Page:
A police officer once asked me why reporters always want to know a homicide victim's name.
It's a question some readers raise in sarcasm when they know someone whose loved one has been slain. The media is sometimes blasted for intruding into the privacy of mourning families.
But ask people such as Eula Monroe Walker.
Her son's name matters. His life mattered.
Xavier "Xa" Monroe, 25, had a year-old daughter, a sister and a girlfriend and was three weeks from enlisting in the Navy when he was shot by a stray bullet outside the Eclipse Lounge in Gulfport on July 7, 2013.
Monroe's killer wasn't firing at him, but is now serving time for his murder.
The Harrison Central graduate and community college student had been living in Wiggins with his girlfriend and was raising their toddler, a girl nearly 2 years old, and her 4-year-old son. He was looking forward to military service and making a better life for himself and those he loved.
“It still hurts,” his mother told me last week.
His family was selected to light a candle in remembrance of the region's crime victims during a candlelight ceremony on Friday.
I remember when he was killed. There had been a fight and he wasn't involved in it. But shots were fired and he was hit in the head by a stray bullet.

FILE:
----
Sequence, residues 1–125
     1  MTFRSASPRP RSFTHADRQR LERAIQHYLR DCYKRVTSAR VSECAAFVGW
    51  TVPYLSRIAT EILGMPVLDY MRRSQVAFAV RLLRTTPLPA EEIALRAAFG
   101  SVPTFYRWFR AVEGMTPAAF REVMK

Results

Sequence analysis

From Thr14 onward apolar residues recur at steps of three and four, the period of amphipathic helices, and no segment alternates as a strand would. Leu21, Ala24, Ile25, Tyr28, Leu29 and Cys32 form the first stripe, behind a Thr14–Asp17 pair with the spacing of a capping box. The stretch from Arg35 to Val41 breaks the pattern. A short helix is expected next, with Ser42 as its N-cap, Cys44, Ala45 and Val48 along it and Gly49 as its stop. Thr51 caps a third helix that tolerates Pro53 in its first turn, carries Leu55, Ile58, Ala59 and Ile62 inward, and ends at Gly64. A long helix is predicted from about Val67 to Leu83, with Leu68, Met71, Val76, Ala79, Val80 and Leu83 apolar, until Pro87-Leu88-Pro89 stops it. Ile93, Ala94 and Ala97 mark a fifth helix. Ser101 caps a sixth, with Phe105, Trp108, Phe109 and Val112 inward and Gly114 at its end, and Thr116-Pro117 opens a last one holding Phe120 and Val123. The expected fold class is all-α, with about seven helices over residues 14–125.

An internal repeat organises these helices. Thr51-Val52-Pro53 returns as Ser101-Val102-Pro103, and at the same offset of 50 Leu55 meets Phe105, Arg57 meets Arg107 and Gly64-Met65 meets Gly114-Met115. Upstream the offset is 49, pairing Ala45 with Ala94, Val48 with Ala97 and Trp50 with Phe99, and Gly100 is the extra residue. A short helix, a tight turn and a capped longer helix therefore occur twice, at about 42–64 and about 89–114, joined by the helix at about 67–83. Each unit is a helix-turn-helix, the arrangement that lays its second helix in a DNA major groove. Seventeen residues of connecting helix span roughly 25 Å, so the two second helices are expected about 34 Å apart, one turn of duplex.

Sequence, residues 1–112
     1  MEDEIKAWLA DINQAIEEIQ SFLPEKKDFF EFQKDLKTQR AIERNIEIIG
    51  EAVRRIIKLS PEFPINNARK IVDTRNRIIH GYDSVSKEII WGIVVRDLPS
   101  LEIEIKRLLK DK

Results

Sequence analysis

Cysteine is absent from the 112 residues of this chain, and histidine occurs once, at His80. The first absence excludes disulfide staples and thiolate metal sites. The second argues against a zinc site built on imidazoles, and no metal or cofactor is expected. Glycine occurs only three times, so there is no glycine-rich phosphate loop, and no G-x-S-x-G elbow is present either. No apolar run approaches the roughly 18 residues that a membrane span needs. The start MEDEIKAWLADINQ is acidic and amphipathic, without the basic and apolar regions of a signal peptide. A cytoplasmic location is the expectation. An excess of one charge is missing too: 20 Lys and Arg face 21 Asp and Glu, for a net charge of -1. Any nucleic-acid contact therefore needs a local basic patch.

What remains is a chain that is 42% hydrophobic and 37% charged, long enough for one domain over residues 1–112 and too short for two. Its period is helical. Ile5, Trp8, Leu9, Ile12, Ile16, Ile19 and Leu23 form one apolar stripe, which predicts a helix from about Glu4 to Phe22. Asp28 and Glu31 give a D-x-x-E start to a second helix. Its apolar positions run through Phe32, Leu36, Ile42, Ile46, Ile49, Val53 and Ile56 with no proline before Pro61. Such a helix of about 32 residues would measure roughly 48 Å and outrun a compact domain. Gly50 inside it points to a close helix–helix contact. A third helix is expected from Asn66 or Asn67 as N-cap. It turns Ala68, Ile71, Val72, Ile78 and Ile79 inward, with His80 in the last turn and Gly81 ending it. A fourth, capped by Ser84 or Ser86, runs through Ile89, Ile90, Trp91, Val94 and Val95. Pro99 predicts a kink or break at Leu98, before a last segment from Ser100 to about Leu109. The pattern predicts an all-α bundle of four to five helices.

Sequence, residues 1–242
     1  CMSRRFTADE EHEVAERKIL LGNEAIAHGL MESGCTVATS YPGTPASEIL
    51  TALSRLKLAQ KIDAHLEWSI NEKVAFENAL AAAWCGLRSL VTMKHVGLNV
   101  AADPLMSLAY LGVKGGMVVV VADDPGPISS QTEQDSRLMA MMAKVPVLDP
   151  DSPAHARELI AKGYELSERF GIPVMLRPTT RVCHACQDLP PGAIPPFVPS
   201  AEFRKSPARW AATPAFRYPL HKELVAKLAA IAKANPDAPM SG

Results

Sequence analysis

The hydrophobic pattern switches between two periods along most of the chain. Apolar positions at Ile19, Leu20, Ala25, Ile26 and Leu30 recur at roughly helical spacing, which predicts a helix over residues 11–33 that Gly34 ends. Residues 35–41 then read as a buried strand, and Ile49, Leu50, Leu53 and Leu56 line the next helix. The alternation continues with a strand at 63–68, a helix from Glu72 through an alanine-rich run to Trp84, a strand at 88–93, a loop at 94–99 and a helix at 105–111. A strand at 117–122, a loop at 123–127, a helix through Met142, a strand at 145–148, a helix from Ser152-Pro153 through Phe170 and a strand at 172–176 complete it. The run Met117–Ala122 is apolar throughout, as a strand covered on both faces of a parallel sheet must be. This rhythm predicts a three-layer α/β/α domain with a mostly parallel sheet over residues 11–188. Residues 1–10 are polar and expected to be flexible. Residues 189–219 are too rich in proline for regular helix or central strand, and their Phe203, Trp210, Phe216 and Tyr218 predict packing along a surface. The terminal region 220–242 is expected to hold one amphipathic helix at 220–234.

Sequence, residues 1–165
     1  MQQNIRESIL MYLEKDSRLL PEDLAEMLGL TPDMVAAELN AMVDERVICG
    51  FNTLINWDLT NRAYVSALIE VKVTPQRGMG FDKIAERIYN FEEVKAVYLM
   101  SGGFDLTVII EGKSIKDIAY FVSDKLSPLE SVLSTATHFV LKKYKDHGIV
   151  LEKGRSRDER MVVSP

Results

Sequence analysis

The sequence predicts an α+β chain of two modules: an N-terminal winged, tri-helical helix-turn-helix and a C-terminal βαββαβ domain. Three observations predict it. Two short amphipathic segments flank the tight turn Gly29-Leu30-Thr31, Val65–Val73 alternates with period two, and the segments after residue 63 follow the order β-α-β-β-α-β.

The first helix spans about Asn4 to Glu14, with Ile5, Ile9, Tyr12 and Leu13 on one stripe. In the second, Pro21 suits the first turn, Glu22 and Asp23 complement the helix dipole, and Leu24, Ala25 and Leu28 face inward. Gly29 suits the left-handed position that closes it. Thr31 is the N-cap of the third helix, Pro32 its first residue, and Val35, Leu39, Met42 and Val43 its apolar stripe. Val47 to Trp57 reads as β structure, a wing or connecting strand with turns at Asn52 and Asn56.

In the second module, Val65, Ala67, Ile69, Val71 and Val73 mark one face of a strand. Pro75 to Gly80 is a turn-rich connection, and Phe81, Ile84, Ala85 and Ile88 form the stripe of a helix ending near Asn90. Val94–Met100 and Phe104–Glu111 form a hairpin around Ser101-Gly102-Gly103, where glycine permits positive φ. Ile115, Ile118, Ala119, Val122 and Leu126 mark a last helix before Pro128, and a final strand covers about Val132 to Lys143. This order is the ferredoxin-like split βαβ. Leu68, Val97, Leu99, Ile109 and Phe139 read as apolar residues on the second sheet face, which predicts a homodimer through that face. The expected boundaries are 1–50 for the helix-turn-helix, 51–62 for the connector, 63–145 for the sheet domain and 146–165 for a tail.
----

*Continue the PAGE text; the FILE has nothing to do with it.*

It's often hard for reporters to find the families of homicide victims. I don't recollect how I found his family, but they invited me over to talk about the young man they loved.
Sometimes, families don't want to talk under such circumstances. I respect their wishes.
But when they do, it's my honor to give them an opportunity to share what made their loved one special; to tell about their lives, their hopes, their dreams.
It puts a human face on an act of violence and allows victims a chance to be known for who they were, not just how they were killed.
Xa Monroe mattered not only to his family. He mattered to people he grew up with. His high school classmates. People who knew him from church.
I promised Eula Walker on Friday that her son won't be forgotten.
And thanks to crime victims' rights programs, the families of homicide victims can rest assured their loved ones will always be remembered.
And whenever grieving families are willing to talk, I'm willing to listen and help tell what made their loved ones special.-